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Nature of the disease
Equine rhinopneumonitis or Equine viral abortion is caused by infection with equine herpes virus type 1 (EHV1) which causes rhinopneumonitis, abortion, neonatal mortality and occasionally encephalomyelitis in horses and donkeys.
OIE List B disease
Susceptible species
Horses (Equus caballus) and donkeys (Equus asinus)
EHV1 occurs world-wide, in all countries with significant horse industries. Equine rhinopneumonitis is quite common in Australia and New Zealand although abortions are less commonly seen. It has never been recorded in Vanuatu.
Clinical signs 
Abortions and rhinopneumonitis appear to be caused by slightly different strains of EHV1.
The rhinopneumonitis form of EHV1 is usually seen as an outbreak of upper respiratory disease (‘colds’) in young horses during autumn or winter. Affected horses have:
  • A sudden fever lasting 1-7 days
  • Intermittent serous nasal discharge
  • Congestion of the nasal mucosa and conjunctivae
  • Inappetence
  • Cough
  • Slight enlargement of the submaxillary lymph nodes,
  • Occasionally oedema of the legs
  • Sometimes constipation followed by diarrhea

Recovery usually occurs within a week. Occasionally the nasal discharge becomes mucopurulent and continues for 1-3 weeks, accompanied by a cough. Adult horses seldom show clinical signs, although they may undergo sub-clinical infection.

Abortions caused by EHV1 usually occur in the last 4 months of gestation, but may occur as early as the fourth month. Infection usually occurs 1–4 months prior to abortion and infected mares show no signs of respiratory or other illness. There are usually no complications after the abortion. The foetus is expelled dead, with the foetal membranes intact. Occasionally, when mares are infected late in gestation, infected foals are either stillborn or die within a few days of birth. The conception rate of mares, 30 days after abortion, is high. Abortion occurs most commonly in mares during their first pregnancy. Having once aborted mares usually breed normally in subsequent years, and only rarely abort again.

Sometimes horses develop neurologic disease with incordination, loss of bladder and tail function, loss of sensitivity of perineal and inguinal region.

Post-mortem findings 
In cases of rhinopneumonitis there is:
  • Inflammation of the upper respiratory tract
  • An initial leucopaenia that is replaced later by a leucocytosis
  • Pulmonary oedema and fibrinous infiltration of interstitial tissues

Foetuses aborted before 6 months show widespread necrosis with intranuclear inclusion bodies, especially in the liver and lungs. Those aborted after 6 months show :

  • Jaundice
  • Petechiation of mucous membranes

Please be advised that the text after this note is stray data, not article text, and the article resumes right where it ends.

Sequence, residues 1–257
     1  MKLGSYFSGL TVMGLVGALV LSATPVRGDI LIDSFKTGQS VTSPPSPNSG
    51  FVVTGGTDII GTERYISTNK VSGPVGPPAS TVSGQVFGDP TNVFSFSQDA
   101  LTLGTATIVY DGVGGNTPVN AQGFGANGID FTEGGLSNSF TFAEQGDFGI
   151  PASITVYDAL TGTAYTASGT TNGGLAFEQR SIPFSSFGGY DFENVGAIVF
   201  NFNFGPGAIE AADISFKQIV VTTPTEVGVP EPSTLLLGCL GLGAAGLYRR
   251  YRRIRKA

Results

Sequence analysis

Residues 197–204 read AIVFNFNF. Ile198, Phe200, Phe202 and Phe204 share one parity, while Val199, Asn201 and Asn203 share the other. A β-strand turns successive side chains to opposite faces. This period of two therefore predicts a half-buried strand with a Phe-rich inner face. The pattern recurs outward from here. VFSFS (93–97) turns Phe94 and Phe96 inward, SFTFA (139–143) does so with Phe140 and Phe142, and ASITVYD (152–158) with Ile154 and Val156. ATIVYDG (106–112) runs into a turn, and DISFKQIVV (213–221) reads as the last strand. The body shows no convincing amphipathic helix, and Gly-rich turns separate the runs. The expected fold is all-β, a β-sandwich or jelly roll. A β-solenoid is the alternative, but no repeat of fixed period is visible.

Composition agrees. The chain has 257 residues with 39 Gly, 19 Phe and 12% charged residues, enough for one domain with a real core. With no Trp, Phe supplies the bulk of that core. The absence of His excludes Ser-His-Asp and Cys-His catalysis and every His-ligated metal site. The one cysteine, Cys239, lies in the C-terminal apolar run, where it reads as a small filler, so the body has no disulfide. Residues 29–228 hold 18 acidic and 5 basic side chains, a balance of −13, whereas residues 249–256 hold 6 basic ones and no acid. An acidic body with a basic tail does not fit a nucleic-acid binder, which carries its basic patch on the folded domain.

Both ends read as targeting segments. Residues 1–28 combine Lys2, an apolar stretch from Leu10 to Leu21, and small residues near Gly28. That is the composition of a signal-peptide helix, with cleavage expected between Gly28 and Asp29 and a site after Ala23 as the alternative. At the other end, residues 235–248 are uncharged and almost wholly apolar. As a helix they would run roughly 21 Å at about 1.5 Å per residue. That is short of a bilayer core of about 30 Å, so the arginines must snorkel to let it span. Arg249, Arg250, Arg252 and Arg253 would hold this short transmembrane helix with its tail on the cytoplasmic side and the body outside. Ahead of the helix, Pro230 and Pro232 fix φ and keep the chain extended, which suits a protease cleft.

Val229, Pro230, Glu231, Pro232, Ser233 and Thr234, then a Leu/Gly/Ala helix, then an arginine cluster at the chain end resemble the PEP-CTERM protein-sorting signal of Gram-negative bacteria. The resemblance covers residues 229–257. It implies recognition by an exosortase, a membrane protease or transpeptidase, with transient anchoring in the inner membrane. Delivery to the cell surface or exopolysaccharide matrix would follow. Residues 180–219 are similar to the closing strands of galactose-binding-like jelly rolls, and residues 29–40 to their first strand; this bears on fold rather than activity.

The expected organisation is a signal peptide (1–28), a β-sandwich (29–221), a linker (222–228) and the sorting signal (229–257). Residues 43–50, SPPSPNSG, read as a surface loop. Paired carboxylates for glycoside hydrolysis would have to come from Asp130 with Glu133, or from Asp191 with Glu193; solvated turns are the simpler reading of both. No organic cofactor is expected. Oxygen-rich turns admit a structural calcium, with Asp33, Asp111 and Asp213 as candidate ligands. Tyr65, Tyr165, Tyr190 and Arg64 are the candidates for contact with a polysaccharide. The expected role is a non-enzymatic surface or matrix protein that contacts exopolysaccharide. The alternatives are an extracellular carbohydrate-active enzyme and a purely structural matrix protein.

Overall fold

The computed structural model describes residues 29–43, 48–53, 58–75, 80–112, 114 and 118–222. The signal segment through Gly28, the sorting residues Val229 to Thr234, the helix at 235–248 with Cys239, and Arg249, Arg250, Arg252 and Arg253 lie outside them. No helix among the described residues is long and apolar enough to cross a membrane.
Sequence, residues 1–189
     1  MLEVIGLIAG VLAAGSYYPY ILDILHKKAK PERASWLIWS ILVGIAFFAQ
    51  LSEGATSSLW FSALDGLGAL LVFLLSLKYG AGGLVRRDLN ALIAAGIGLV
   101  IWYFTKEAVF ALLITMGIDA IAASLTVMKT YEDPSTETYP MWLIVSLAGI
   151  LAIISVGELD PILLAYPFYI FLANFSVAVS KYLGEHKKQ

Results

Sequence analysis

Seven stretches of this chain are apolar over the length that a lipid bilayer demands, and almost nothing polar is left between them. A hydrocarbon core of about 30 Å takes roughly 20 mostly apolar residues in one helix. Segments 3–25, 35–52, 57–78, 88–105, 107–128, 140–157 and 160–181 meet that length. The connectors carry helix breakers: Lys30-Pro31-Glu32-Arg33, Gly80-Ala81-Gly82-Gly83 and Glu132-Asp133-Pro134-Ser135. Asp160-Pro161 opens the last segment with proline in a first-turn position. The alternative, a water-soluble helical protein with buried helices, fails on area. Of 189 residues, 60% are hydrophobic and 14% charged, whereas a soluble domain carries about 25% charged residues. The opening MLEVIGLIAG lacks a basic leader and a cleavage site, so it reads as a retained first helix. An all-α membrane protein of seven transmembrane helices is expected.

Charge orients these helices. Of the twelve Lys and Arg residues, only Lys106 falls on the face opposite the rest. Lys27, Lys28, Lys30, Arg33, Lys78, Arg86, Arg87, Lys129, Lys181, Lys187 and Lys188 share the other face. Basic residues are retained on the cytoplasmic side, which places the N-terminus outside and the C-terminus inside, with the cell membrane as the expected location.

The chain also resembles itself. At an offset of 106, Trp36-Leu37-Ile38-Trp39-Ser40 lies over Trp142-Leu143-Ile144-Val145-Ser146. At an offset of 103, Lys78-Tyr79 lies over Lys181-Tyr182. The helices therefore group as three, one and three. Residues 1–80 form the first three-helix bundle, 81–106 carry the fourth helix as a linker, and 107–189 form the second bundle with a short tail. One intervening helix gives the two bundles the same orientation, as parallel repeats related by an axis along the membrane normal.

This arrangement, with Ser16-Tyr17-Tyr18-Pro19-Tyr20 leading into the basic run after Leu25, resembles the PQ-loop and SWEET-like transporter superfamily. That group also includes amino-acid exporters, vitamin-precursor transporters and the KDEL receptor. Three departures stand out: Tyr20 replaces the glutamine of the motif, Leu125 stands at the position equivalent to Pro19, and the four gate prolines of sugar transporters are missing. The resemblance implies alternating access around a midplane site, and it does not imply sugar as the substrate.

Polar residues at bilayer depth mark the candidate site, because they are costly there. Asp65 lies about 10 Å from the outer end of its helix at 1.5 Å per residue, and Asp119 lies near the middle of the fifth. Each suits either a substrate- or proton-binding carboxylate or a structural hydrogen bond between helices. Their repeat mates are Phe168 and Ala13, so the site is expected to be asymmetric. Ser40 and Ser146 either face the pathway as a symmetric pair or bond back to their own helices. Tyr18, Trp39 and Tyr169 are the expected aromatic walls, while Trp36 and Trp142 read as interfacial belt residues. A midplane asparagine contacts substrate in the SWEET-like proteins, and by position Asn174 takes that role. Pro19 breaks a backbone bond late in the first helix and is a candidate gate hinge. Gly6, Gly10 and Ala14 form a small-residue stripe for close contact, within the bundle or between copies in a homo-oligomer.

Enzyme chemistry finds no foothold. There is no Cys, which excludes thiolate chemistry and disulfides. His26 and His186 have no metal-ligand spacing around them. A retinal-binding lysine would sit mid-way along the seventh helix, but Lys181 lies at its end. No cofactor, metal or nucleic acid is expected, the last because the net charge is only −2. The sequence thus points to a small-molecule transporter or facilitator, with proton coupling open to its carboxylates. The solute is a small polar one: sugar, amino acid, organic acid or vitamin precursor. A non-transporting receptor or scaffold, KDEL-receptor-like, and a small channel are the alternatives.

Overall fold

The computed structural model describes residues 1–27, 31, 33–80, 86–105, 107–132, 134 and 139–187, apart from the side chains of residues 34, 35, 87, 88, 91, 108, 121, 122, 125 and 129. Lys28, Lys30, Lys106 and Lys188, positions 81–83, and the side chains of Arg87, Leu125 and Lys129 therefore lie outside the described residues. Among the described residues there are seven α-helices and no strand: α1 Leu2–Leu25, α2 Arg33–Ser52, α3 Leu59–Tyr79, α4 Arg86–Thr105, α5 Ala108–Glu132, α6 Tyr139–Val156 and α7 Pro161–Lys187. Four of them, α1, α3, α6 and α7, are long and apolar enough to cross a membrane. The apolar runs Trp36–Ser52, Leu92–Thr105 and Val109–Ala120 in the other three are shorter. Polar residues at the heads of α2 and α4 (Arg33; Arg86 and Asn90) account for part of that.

• Enlargement of the spleen
  • White to cream-coloured necrotic foci in the liver
  • Accumulation of fluid in the pleural cavity

In stillborn foals, or those dying soon after birth the main gross lesions are enlarged, plum to purple coloured lungs that are oedematous and only partly aerated. There is fluid and froth in the bronchi, and subepicardial and subendocardial haemorrhages.

Differential diagnosis 
Other infectious causes of abortion in horses include:
Specimens required for diagnosis 
Diagnosis of EHV1 abortions is made by isolation of virus from foetal tissues, histological demonstration of typical intranuclear inclusions or antigen demonstration.
Fresh and preserved samples of foetal tissues — lung, liver, spleen and kidney — should be collected.

For serology blood samples should be taken from affected mares.

EHV1 infection spreads mainly by the respiratory route, although infection by ingestion and transmission by fomites is also thought to occur. Aborted foetuses contain large amounts of virus and may be responsible for the introduction of the abortogenic strain to previously uninfected premises.

Previously infected adult horses may undergo subsequent subclinical infection, although it is unclear whether this is due to re-infection or re-activation of a latent infection. It is not known whether a latent carrier state occurs with EHV1, although this is common with other herpes viruses.

Risk of introduction   
EHV1 is most likely to be introduced with the importation of affected horses.
Control / vaccines  
Prevention of disease caused by EHV1 is mainly by the use of measures to minimise the risk of introducing the virus.

Live vaccines exist but they are banned in some countries, inactivated vaccines are also available and licensed in most countries.

  • Equine Herpes Virus 1 Infection, In Merck Veterinary Manual, National Publishing Inc. Eight ed, 1998, Philadelphia, p 1081-1084
  • Office International des Epizooties, 2002